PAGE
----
Letters: Greed and stupidity led to WW1 slaughter

These letters appear in the Monday 6th January edition of the Independent

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The attempt by Michael Gove to rehabilitate the First World War ahead of its centenary is utterly reprehensible. It is hard to see how anyone other than a sociopath would think the occasion was an event worthy of celebration and jingoism.

The war was not, as the Tories are trying to imply, some great and noble endeavour fought against German expansionism. It was a bloody slaughter fought because of the greed and stupidity of European imperial powers.

Gove and the Tories have been unable to cite any democratic or moral imperative in their justification for the celebration. They seem to be doing it so as to no longer make the First World War synonymous with the horrors and senselessness of human conflict.

The war was best encapsulated by the war poets such as Wilfred Owen, whose famous verse described as “the old lie” the Latin exhortation Dulce et decorum est pro patria mori (How sweet and right it is to die for one’s country).

Alan Hinnrichs. Dundee

 

Congratulations to Sir Richard Evans for defending himself against Michael Gove (“Academic hits back at Gove’s ‘ignorant’ views on WW1”, 4 January).

How dare Gove, with his schoolboy and ideologically inspired view of the war, insult an historian, knighted for the knowledge and understanding of 20th-century history revealed in his superbly crafted and diligently researched works?

Gove has also frequently complained that film and TV comedies such as Blackadder have left the British public with little understanding of the war, as if teachers used them as an evidence base for facts, rather than a source  for whetting appetites  and increasing interest in the topic.

His complaint couldn’t have anything to do with more government-inspired tampering with history, could it, nothing to do with our perception of the privately educated, largely clueless, officers, the “donkeys”, making mistakes, repeating failed tactics time and time again, and actually causing thousands of deaths?

Why, it might even reflect badly on our present privately educated politicians and officers, who seem as keen as ever to spend billions of taxpayers` money on preparation for future, needless wars.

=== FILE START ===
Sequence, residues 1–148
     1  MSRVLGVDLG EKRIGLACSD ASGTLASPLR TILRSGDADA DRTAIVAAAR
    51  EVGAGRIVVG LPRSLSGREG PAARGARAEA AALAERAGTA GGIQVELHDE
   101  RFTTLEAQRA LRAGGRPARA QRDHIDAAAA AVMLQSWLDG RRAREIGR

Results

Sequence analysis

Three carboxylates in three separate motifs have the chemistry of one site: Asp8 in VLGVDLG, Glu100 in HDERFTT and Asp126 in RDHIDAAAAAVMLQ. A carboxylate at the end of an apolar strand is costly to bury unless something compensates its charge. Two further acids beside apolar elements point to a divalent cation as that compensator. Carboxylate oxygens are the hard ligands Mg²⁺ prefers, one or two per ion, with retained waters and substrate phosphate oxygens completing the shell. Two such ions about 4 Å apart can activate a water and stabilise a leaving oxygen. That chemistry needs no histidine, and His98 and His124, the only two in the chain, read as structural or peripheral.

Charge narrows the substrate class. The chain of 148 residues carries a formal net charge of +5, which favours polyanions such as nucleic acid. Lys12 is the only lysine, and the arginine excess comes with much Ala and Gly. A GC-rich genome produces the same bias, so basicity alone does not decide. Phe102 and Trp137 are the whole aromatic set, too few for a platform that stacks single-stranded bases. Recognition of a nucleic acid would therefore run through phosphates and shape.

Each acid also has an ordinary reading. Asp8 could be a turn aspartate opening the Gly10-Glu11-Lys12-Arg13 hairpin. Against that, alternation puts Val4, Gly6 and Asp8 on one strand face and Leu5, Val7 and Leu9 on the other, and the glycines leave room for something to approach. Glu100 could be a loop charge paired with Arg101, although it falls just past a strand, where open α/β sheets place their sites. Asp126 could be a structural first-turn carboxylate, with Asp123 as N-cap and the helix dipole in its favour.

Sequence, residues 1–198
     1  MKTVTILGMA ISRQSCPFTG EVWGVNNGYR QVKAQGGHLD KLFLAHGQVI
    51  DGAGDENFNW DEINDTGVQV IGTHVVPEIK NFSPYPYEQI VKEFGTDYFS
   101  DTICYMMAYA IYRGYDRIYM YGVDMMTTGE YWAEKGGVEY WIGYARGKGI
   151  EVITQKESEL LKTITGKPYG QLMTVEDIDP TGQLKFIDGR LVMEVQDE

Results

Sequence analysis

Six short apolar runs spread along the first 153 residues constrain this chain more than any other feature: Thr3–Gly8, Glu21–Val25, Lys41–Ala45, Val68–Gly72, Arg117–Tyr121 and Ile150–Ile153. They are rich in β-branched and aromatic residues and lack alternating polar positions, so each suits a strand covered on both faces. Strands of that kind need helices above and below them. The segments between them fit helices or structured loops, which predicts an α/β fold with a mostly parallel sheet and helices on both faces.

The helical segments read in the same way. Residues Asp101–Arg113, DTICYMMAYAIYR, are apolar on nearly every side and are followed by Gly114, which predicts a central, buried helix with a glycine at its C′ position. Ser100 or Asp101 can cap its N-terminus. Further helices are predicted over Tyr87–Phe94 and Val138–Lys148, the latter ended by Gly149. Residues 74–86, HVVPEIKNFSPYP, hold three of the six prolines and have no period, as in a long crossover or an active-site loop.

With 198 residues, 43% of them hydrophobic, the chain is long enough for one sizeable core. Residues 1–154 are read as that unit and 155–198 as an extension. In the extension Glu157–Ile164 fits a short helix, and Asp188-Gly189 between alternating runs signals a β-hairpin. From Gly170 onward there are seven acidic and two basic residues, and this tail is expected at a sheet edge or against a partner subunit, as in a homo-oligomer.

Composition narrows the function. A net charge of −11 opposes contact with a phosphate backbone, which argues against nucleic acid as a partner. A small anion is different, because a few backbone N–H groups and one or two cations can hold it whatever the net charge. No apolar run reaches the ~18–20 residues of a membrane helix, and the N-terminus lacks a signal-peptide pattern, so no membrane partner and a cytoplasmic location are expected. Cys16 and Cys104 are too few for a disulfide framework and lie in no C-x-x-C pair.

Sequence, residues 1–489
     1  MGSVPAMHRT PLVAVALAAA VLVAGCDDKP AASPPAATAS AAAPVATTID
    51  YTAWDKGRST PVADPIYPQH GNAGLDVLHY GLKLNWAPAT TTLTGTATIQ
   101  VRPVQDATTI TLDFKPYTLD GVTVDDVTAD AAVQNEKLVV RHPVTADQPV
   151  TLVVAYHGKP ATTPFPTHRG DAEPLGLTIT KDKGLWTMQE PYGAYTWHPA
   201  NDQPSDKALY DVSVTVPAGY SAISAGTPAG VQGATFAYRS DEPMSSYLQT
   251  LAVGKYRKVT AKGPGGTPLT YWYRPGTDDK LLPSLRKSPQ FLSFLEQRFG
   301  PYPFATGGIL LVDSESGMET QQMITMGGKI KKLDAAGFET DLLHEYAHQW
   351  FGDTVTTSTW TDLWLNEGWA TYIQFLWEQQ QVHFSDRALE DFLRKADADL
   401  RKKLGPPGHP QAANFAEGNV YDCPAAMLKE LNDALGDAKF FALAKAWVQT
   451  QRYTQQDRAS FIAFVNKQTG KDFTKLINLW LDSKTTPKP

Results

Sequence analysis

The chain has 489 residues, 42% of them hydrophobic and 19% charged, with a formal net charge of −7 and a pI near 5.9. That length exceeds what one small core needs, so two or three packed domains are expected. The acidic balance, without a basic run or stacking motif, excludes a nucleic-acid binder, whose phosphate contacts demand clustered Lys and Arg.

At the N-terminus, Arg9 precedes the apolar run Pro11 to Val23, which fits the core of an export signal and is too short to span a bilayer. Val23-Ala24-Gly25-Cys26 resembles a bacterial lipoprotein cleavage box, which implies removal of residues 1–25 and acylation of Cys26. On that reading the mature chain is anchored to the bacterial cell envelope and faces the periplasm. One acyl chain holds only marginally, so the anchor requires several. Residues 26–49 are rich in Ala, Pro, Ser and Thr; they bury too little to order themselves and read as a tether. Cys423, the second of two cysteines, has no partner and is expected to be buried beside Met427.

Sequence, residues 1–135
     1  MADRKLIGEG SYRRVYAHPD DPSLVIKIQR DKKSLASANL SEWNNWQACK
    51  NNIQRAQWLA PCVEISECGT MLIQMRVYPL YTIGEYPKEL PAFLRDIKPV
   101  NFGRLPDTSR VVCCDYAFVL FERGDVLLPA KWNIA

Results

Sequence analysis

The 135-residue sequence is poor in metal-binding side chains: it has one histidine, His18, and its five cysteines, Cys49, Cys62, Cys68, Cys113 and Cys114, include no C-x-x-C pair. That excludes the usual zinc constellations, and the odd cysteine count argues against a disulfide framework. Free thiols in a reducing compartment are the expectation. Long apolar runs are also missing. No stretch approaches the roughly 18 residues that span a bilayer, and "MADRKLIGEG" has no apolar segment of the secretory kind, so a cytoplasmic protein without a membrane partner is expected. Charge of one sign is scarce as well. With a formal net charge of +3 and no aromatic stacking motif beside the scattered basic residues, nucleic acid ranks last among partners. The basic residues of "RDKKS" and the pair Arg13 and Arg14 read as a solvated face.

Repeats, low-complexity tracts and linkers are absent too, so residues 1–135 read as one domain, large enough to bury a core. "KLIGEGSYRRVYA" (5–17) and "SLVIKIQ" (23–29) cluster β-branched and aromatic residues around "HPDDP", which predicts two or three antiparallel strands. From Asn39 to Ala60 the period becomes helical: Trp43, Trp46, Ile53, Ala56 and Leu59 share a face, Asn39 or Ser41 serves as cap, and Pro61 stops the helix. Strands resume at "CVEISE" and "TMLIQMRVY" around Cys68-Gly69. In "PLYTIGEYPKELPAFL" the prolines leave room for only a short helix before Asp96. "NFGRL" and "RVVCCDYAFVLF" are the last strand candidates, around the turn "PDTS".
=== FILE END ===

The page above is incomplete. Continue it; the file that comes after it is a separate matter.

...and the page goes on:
The First World War could have been avoided, had the politicians in power not included people intent on increasing their own country’s economic power at the expense of that of their rivals. Isn’t that the basic reason for modern wars? The “just cause”,  as we know from Iraq,  tends to be added as an afterthought, to persuade the populace.

There can be little doubt that, after an elementary education consisting largely of the three Rs and a smattering of nationalist history, which taught the inferiority of all other races, including that of the increasingly “barbaric” Germans, the youth of Britain were conned into volunteering for war by a government promising to have them home for Christmas.

Twenty-first-century experience in Britain tells us how governments still use information and data, often inaccurate, to support their own agendas. Wars can be avoided when the people and their representatives know the facts and are aware of the consequences.

Wouldn’t it be preferable for people to be given the facts about the First World War, rather than sanitised and politicised versions?

Bernie Evans, Liverpool

 

My father volunteered for the duration of the First World War in August 1914 and participated in the first battle of the Somme in 1916 and the fourth battle of Gaza in 1917. It occurred to me that there must be one fact I could quote that could convey to a young person  of today the magnitude of the commitment and sacrifice that these First World War veterans made in serving king and country 100 years ago.

I think I have found one. The total number of the armed forces of the UK recorded as killed and missing in the war is 702,410. The war lasted for 1,561 days, giving a mean daily killed-and-missing rate of 450.

The total number of UK armed forces who have died during the current Afghanistan war is 447, which is a figure close to the mean of just one day’s UK armed forces fatalities in the First World War.